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      Do Essential Oils Have an Expiration Date?

      Do Essential Oils Have an Expiration Date?

      Do your essential oils have an expiration date? The short answer is, 'Yes'. While the quality of an essential oil can vary from company to company based on many factors, once we open our bottle, all oils degrade the same way, some faster than others. The main factors that cause oil degradation are oxidation due to persistent opening and closing, warm temperatures, and sunlight. 

      Every time we open our essential oils, they are susceptible to oxidation. Over time, oxidation does not only decrease the therapeutic, chemical constituents inside each essential oil, but it can also be a catalyst for the formation of harmful chemicals within the oils, too. Certain oils oxidize faster than others, especially those that are high in monoterpenes. What can we do to slow the oxidation process down? Ensuring lids are seated tightly a top of bottles, only opening for short periods of time, decanting half empty bottles into smaller vessels with less oxygen inside, and adding natural antioxidants, such as rosemary antioxidant or mixed tocopherols to our essential oils can slow the oxidation process. 

      Temperature and light can also quicken the degradation process of our oils. Oils do not like heat or sunlight, so this must be considered when we are storing them. We recommend storing oils in the fridge, in a closed container to avoid contamination, for extended shelf life. Because we have learned that temperature change from the fridge to room temperature does not negatively affect the essential oils, we recommend fridge storage for all. While amber bottles provide the strongest UV protection, if bottles are stored in a dark place, glass type does not really matter.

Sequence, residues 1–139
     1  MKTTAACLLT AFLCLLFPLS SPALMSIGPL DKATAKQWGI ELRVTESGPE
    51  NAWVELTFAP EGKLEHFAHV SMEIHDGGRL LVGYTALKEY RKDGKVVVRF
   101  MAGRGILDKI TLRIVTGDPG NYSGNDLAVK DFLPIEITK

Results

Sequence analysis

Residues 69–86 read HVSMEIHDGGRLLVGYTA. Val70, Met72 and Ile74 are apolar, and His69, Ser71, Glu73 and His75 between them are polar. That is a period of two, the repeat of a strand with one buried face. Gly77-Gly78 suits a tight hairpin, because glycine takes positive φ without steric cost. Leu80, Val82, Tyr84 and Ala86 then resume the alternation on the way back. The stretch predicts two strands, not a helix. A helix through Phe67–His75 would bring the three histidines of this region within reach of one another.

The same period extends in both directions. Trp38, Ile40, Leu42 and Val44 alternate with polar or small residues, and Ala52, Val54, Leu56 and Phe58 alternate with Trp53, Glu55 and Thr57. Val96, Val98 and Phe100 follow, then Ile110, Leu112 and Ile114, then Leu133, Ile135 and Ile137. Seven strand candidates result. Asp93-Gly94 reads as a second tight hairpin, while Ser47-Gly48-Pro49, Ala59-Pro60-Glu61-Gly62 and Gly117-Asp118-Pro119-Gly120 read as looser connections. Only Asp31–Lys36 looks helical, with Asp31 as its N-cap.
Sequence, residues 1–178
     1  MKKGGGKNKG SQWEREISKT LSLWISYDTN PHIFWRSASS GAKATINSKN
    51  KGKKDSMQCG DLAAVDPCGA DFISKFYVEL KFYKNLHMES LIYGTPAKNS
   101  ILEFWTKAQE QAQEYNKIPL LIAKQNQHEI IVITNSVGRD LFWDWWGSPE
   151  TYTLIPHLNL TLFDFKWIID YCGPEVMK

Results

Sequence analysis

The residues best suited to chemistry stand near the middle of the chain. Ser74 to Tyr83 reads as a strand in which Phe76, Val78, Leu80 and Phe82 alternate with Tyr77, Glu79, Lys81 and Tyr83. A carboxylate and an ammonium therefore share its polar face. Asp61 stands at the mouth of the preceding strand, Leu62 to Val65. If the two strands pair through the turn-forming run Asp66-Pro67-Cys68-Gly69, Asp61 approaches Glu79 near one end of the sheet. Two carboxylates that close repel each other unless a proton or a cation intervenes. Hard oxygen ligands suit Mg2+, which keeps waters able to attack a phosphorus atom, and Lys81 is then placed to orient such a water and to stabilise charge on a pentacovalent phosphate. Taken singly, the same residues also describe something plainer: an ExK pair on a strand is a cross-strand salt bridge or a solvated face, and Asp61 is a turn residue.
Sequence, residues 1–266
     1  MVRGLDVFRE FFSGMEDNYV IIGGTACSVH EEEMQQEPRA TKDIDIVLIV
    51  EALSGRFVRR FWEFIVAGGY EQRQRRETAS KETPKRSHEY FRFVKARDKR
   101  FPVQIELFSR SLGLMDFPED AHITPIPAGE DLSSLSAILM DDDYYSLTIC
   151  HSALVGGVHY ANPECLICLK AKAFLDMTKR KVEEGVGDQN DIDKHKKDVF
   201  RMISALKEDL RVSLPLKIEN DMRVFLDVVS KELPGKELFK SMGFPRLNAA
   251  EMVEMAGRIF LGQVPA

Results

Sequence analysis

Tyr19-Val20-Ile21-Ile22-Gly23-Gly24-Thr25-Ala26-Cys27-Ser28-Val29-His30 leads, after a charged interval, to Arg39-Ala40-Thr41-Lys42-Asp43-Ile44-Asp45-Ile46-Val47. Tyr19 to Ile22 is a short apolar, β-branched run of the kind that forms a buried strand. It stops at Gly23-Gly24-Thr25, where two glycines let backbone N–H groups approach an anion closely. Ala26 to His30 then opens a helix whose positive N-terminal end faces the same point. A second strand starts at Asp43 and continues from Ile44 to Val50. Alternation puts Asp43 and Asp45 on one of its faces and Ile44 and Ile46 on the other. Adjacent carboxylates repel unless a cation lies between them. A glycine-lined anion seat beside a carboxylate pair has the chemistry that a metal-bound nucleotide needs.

So, when is it time to say farewell to our oils? Signs of oxidation include colour change, increased viscosity, and a change in the overall odour. Typically, most essential oils will expire 2 years after the bottle is opened. With this fact in mind, dating oils after opening and batching out our recipes accordingly will help us to not waste these precious plant medicines. A safe way to dispose of any expired essential oils is by returning them to the earth from which they were created. You can safely pour oils into a dug hole in the ground and cover with soil, without harming the environment, and recycle your bottles as you see fit. 

      Ensuring we are using fresh, properly stored oils is the best way to reap the full therapeutic benefits of our essential oils in the safest possible way. So, we’ve dug our hole, ridded our collection of expired oils, and we are getting a bigger fridge! Happy blending and stay safe.

      What's in Your Medicine Cabinet 1?

      What's in Your Medicine Cabinet 1?

      Did you know…

      Niaouli is the #1 essential oil for sinus congestion, exuding decongestant properties even stronger than Eucalyptus? High in oxides, Niaouli is a superb stimulant and expectorant making it  a must have for cough and cold season!

      Quick Recipe for Topical Application:

      In a 10 ml roller bottle, combine 10 drops of Niaouli with your favourite carrier oil creating a 5% solution.  Apply to the forehead and cheeks to alleviate sinus congestion.


      Create a synergistic blend using 4 drops of Niaouli, 3 drops of Eucalyptus and 3 drops of Lavender with your favourite carrier oil in a 10 ml roller bottle and BREATHE DEEPLY.